Battle of Gettysburg
Davis versus CutlerMcPherson Farm, Chambersburg R
The morning infantry fighting occurred on either side of the Chambersburg Pike, mostly on McPherson Ridge. To the south, the dominant features were Willoughby Run and Herbst Woods (sometimes called McPherson Woods, but they were the property of John Herbst). Brig. Gen. Lysander Cutler's Union brigade opposed Davis's brigade; three of Cutler's regiments were north of the Pike, two to the south. To the left of Cutler, Brig. Gen. Solomon Meredith's Iron Brigade opposed Archer.
Major General John Reynolds and two brigades of the Union First Corps infantry arrive and join the line along McPherson Ridge against increasing pressure from the roughly 13,500 advancing Confederates. One is the Iron Brigade, the other is the PA Bucktail Brigade. General Reynolds directed both brigades into position and placed guns from the Maine battery of Capt. James A. Hall where Calef's had stood earlier. While the general rode his horse along the east end of Herbst Woods, shouting "Forward men! Forward for God's sake, and drive those fellows out of the woods," he fell from his horse, killed instantly by a bullet striking him behind the ear. (Some historians believe Reynolds was felled by a sharpshooter, but it is more likely that he was killed by random shot in a volley of rifle fire directed at the 2nd Wisconsin.) Maj. Gen. Abner Doubleday assumed command of the I Corps.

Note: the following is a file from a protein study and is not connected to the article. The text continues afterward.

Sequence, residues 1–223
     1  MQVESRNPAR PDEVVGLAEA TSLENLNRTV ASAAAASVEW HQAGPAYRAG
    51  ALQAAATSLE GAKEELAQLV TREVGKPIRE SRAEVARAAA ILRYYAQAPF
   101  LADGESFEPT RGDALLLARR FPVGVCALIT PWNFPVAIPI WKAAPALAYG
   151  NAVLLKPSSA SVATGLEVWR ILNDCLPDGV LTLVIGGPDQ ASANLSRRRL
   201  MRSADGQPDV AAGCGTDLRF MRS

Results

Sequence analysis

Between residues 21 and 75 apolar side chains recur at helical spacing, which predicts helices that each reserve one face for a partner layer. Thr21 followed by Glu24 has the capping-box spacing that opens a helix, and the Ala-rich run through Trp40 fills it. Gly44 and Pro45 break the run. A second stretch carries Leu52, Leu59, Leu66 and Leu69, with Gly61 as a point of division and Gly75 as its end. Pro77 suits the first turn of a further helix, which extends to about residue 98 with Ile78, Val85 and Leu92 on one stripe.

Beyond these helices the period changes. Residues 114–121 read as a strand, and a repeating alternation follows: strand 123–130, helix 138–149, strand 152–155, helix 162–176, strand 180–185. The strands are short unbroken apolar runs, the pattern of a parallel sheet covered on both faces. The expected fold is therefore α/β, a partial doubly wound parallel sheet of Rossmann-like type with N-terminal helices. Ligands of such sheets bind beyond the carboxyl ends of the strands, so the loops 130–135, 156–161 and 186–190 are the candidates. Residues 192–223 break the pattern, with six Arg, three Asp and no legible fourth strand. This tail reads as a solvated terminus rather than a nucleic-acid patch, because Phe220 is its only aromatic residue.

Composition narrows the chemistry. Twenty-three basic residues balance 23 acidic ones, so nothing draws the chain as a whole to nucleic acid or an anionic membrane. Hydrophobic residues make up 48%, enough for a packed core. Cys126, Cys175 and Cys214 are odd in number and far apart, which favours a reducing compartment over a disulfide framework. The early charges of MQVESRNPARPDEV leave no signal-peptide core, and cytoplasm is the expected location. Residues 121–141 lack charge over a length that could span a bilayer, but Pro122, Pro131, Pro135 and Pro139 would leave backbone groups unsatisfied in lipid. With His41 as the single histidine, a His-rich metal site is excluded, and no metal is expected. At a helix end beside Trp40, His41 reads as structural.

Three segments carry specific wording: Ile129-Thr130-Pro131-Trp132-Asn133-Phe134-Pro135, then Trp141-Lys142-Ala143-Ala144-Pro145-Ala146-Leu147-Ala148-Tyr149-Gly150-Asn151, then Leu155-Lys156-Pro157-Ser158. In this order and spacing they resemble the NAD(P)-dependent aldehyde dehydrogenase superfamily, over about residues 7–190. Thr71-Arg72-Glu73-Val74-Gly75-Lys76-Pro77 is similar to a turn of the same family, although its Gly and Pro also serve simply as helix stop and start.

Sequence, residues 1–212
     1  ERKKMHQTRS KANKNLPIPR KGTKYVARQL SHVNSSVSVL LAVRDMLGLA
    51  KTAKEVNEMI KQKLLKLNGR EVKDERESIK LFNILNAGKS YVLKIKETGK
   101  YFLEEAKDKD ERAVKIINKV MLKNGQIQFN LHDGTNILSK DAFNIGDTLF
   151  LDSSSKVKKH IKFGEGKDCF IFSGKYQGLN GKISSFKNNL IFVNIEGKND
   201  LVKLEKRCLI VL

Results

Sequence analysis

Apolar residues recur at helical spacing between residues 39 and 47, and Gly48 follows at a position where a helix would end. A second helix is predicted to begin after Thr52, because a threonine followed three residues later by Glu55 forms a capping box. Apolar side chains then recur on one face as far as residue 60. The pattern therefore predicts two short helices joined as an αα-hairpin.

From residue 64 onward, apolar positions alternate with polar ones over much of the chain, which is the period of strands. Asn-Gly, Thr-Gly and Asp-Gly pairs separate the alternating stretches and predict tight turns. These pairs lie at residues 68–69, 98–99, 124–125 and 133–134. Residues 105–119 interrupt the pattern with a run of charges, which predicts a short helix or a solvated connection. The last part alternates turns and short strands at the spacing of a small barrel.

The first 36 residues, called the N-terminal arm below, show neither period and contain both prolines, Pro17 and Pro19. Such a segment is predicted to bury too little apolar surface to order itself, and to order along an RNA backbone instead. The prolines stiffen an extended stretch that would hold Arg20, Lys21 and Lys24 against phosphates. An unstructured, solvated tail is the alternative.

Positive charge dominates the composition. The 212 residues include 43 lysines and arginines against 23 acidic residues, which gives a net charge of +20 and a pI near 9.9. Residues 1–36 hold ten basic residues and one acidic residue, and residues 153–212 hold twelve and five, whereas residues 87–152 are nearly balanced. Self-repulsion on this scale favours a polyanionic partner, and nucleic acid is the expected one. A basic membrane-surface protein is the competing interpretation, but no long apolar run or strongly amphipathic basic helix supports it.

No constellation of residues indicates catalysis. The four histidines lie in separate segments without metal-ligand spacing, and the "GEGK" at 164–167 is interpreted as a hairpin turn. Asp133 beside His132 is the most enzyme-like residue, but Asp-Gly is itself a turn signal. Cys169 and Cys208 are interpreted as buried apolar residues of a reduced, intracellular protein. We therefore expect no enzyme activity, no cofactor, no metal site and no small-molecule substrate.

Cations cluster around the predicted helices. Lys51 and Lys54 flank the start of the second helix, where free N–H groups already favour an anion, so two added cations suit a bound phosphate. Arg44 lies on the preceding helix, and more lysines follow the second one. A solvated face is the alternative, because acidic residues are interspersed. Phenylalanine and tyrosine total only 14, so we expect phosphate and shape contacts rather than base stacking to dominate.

On the right of the Union line, three regiments of Cutler's brigade were fired on by Davis's brigade before they could get into position on the ridge. Davis's line overlapped the right of Cutler's, making the Union position untenable, and Wadsworth ordered Cutler's regiments back to Seminary Ridge. The commander of the 147th New York, Lt. Col. Francis C. Miller, was shot before he could inform his troops of the withdrawal, and they remained to fight under heavy pressure until a second order came. In under 30 minutes, 45% of Gen. Cutler's 1,007 men became casualties, with the 147th losing 207 of its 380 officers and men. Some of Davis's victorious men turned toward the Union positions south of the railroad bed while others drove east toward Seminary Ridge. This defocused the Confederate effort north of the pike.